Experts: Don’t Use Coronavirus Bills to Fund DOD Wish Lists

Defense experts on April 27 warned the Pentagon not to seek money for its program wish lists as part of future spending legislation meant to deal with the coronavirus pandemic.

The Department of the Air Force’s fiscal 2021 unfunded priorities list spans $3.2 billion for the Air Force and $1 billion for the Space Force, including big-ticket items like the F-35 Joint Strike Fighter and promising technologies like the Skyborg wingman drone. Those lists aim to secure extra money for important programs on top of the regular budget request.

Turning to UPLs might not “scratch the itch” of what Congress wants to fund for DOD as it looks to bolster the economy in the next stimulus package, Todd Harrison, a defense budget analyst at the Center for Strategic and International Studies, said during his think tank’s event on the pandemic’s impact on the defense industry.

DOD received $10.5 billion in the Coronavirus Aid, Relief, and Economic Security (CARES) Act intended to shore up suffering parts of the defense industrial base, support various operational needs as military personnel work during the pandemic, and to purchase teleworking tools. The Pentagon can also access more funding held elsewhere in the federal government, like $17 billion in loans that are available for businesses critical to national security.

The Pentagon could instead ask Congress to create a pre-funded pot of money to pay companies back for cost overruns that weapons programs incur as companies keep workers on the payroll while progress is paused, Harrison suggested.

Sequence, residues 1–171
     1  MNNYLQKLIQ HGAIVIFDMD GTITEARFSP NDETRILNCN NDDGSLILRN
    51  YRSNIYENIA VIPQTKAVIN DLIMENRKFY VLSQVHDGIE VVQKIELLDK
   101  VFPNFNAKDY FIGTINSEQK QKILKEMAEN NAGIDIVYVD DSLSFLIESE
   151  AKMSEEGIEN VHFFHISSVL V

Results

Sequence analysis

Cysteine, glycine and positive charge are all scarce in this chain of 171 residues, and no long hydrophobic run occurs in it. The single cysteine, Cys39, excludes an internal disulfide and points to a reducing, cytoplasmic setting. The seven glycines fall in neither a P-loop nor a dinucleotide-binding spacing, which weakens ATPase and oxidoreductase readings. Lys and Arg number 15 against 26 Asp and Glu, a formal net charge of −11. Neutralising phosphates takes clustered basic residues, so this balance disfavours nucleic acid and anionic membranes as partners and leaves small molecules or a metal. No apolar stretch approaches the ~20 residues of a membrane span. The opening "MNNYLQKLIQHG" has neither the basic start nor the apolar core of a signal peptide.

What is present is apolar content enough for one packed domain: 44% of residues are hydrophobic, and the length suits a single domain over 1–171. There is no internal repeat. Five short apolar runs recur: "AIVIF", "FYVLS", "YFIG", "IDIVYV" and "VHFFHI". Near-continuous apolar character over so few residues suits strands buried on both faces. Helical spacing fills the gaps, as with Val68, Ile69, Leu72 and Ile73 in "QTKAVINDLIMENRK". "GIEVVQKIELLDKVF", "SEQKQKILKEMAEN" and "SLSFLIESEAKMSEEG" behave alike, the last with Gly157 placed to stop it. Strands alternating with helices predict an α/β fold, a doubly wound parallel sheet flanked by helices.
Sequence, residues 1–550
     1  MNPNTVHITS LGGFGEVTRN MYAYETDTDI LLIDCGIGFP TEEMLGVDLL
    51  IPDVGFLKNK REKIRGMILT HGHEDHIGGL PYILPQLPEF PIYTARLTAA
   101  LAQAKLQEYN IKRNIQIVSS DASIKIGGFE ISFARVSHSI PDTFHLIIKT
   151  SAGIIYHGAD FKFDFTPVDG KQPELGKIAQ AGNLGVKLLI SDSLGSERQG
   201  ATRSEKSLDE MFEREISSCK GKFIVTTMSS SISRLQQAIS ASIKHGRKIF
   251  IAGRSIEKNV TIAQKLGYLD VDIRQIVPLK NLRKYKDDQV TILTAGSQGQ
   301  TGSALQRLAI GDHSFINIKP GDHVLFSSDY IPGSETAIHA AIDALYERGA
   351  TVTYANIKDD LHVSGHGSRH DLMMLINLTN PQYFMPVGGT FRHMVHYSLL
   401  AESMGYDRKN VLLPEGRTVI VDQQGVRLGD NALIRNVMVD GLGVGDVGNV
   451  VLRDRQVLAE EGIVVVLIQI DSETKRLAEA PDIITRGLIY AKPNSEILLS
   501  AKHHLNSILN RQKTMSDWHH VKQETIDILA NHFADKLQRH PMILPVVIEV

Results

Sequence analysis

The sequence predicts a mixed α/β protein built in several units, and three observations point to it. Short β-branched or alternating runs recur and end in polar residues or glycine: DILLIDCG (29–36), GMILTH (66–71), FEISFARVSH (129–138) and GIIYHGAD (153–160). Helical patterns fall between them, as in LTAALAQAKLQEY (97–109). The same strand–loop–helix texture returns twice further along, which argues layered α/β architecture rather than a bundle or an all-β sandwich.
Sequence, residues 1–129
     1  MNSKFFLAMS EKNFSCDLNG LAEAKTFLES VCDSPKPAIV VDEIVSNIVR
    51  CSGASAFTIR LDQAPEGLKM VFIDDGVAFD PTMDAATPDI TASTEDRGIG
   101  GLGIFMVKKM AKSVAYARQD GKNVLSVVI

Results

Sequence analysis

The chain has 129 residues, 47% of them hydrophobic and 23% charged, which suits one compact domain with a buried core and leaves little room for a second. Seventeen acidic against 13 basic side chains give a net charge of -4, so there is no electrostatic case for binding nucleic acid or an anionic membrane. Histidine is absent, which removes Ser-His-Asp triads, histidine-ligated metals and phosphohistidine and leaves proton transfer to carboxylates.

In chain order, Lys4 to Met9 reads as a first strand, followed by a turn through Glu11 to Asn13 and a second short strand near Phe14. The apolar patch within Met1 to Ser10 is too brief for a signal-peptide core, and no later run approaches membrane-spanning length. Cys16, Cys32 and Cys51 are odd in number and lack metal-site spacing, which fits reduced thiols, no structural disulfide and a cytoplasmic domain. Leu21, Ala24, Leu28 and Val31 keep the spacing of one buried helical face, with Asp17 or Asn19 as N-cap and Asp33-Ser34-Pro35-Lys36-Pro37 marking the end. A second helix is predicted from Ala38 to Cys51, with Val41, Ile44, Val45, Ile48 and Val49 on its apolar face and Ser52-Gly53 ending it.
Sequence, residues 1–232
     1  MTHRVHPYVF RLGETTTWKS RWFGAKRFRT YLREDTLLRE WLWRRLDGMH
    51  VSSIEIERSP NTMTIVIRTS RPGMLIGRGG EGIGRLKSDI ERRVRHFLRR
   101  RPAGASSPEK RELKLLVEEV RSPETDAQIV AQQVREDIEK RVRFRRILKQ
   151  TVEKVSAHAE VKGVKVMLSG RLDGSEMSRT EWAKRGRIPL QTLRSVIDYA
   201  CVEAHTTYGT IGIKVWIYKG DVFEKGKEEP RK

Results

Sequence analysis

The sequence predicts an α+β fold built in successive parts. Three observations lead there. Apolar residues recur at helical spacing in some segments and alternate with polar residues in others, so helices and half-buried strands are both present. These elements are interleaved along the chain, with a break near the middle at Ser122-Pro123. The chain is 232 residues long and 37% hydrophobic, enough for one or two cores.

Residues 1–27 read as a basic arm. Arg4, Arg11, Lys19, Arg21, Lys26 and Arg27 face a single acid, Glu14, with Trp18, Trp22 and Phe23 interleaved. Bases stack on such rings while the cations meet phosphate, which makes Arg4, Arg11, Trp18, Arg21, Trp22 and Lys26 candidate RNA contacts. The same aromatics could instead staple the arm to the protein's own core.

“Simply submitting unfunded lists whole cloth comes across as tone deaf and opportunistic,” Mackenzie Eaglen, a resident defense fellow at the American Enterprise Institute who appeared at the CSIS event, added in an April 27 Defense News op-ed. A better plan would be to focus on the health, safety, and continuity of all the Pentagon’s workforce: uniformed, civilian, and contractor.”

She suggests increasing liquidity by paying companies based on how much their contracts will be affected by pandemic-related delays, and potentially tapping unfunded priorities lists as a way to speed up certain projects like facilities sustainment and depot maintenance. Lawmakers should also use the Defense Production Act to send cash infusions to small businesses and subcontractors.

“Employees need to know the work is there, their safety is a priority, and their jobs are safe,” Eaglen wrote. “If the Pentagon and primes don’t take care of their suppliers and subcontractors, the defense-industrial base will contract again, losing crucial skills and talents permanently—and possibly seeing those companies bought up by China.”

Congressional appropriators could address certain pandemic response issues as part of the fiscal 2021 defense appropriations bill, though that would look at longer-term fixes rather than the more immediate needs now under consideration.

The next administration, whether for President Donald Trump’s second term or former Vice President Joe Biden’s first, faces the question of how to pay for the military in an anemic fiscal environment. After the Pentagon argued it needed as much as 5 percent annual budget growth to meet the demands of the current National Defense Strategy, experts say it will have to figure out how to make do within its existing constraints.

Eaglen suggested DOD could go as far as to take a new look at the 2018 NDS and decide which parts are the most pressing and which can wait. That reprioritization will be particularly handy if lawmakers pursue—and can agree on—new legislation that caps federal spending like the Budget Control Act, which expires in 2021.